Stack-On® Total Defense safes provide protection against burglary, fire and/or water damage while providing ultimate storage options for your firearms and valuables. UL rated Type 1 electronic or Group 2 3-number combination locks are included on Total Defense Select safes, which provide an additional level of protection. These safes are ETL fire rated to manufacturer’s specifications for 30 minutes up to 1400°F. - see more here

4) Stack-On IWC-55 Full-Length In-Wall Cabinet

Steel Stack – On Full – length In – wall Gun Cabinet holds 2 rifles or shotguns up to 52″h. BIG BUCKS OFF! Bank-vault security for your home! Keep curious “little fingers” and thieves from messing with your valuables, ammo and firearms. Simply get this heavy-duty, In-wall Security Cabinet by famous Stack-On. Unlike other models, this in-wall unit doesn’t take up valuable floor space. Has pre-drilled holes for mounting into the wall between studs… built for standard 16″ on center stud walls. Hardware is included for easy do-it-yourself installation. Holds 2 rifles or 2 shotguns up to 52″ tall; Includes a removable steel shelf; Bottom of Cabinet and the shelf have foam padding to protect your prized items; Steel door has a 3-point locking system that secures the door at the top, bottom, as well as the opening side of the door; Full-length piano hinge for industrial durability; All-steel construction; Key-coded, double bitted keys provide top security.; External size: 15 3/8 x 3 7/8 x 54 3/4″h. Inside: 14 x 3 7/8 x 53 1/4″h. Weighs 27 lbs. California DOJ approved. Order Today! Stack-On In-wall Gun Cabinet- see more here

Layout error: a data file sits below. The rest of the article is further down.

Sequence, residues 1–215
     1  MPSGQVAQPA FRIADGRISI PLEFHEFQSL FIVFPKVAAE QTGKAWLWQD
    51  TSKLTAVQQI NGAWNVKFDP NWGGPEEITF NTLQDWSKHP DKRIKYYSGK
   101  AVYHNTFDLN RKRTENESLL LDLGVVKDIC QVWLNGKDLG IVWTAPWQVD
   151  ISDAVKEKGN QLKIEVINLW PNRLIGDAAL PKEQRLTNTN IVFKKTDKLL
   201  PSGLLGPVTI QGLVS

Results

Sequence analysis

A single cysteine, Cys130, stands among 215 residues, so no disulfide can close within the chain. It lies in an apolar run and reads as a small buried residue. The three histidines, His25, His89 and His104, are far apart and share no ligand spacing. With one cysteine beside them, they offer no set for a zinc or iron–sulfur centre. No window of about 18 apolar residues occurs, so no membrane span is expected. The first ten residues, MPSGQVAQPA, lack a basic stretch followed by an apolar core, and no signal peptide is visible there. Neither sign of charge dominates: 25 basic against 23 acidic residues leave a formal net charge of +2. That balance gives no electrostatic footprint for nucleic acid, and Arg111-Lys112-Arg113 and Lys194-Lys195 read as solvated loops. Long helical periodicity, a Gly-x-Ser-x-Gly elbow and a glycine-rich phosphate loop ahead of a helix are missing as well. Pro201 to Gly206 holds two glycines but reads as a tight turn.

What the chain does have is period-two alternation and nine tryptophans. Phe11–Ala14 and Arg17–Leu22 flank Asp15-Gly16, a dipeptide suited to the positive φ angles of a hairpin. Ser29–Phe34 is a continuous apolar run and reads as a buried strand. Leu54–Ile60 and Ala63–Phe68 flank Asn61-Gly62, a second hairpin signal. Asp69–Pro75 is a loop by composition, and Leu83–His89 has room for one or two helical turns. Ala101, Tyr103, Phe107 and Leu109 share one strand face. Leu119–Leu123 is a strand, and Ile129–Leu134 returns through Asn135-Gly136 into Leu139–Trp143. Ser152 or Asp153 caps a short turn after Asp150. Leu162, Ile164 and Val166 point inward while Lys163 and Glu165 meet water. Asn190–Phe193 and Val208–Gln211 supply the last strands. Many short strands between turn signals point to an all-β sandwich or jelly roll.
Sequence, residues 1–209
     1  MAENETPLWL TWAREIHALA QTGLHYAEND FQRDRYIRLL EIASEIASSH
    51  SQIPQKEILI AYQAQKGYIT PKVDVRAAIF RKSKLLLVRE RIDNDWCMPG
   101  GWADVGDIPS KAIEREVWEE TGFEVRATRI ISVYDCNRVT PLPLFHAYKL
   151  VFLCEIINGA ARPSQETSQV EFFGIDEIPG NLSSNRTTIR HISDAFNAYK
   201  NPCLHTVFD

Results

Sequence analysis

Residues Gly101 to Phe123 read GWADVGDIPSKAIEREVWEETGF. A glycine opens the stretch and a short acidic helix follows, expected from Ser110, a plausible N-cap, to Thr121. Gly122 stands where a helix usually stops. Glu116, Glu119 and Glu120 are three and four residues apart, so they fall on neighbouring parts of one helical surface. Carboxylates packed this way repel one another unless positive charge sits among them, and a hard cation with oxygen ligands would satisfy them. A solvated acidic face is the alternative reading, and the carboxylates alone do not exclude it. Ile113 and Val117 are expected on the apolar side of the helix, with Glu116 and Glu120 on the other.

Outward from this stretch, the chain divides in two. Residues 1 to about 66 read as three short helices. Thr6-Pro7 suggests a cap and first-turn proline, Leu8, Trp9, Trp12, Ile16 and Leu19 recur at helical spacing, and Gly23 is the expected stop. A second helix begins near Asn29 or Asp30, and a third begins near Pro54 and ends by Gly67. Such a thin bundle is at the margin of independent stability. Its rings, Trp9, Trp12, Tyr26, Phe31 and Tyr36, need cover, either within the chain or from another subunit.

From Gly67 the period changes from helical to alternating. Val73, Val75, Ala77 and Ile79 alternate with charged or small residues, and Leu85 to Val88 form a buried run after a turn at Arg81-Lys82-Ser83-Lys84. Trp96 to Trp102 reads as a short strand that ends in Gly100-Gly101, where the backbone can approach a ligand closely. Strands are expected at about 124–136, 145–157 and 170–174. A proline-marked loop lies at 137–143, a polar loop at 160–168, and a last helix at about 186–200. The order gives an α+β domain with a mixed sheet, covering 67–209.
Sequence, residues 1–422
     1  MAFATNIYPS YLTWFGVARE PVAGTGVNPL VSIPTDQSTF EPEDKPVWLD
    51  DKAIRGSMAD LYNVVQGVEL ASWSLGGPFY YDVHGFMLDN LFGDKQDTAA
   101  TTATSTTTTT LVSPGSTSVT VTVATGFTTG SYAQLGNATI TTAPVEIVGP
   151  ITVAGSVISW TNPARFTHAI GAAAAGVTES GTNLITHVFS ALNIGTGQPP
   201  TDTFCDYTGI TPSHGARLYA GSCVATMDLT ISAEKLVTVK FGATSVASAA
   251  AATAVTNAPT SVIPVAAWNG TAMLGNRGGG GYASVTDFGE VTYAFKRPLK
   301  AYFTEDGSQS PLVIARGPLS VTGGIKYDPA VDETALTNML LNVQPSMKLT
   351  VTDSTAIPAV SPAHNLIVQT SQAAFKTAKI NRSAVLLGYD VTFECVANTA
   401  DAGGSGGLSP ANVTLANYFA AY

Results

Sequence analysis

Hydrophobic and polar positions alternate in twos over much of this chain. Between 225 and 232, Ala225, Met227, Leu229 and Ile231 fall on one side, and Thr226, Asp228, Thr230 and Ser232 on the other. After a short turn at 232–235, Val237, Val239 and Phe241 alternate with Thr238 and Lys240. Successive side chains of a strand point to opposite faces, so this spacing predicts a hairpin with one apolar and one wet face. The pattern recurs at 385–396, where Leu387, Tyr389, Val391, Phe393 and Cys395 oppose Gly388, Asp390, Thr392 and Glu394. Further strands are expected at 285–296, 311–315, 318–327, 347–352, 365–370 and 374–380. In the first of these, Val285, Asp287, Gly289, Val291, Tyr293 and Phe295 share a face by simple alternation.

5) Stack-On GCD-9216-5 16-Gun Convertible Doube-Door Steel Security Cabinet

Stack – On Double Door 16 Gun Steel Security Cabinet keeps your guns and ammo under separate lock and key. 2 secure storage compartments, 2 separate locks! This Double Door Security Cabinet lets you keep your ammo and firearms in one handy location but under separate lock and key. Doors are keyed differently for greater security. More: Reinforced full sized doors with superior all steel 3 point locking system… different double bitted, key coded locks on each door; Full length welded and staked steel piano hinge; Right cabinet holds 16 rifles or shotguns up to 54″ tall… foam padded sides and bottom reduce the chance of scratching; Right cabinet also has Stack-On’s patented gun barrel rests and Standoffs… Standoffs allow scoped guns to stand upright in the safe, not at an angle, to maximize the safe’s storage capacity; Left compartment has 4 large foam padded removable steel shelves that are perfect for storing ammo and handguns as well as other valuables such as cameras, jewelry, etc… or install additional gun barrel rests (included) to add space for 15 more guns for a total capacity of 31 guns; Pre-drilled mounting holes allow easy attachment to the floor or wall… flush mount bottom for easier fastening to floor; All fastening and finishing hardware included; Pre-drilled top mounting holes align with Stack-On’s Pistol / Ammo Cabinets (sold separately); Durable baked epoxy finish in hunter green; Approx. 38 x 18 x 55″, 150 lbs. Lock up your guns and your ammo the right way! Order Today! Please Note: This item is shipped by commercial carrier curbside. Unloading is the customer’s responsibility, including off the back of the truck. Stack-On 16 Gun Double Door Security Cabinet, Hunter Green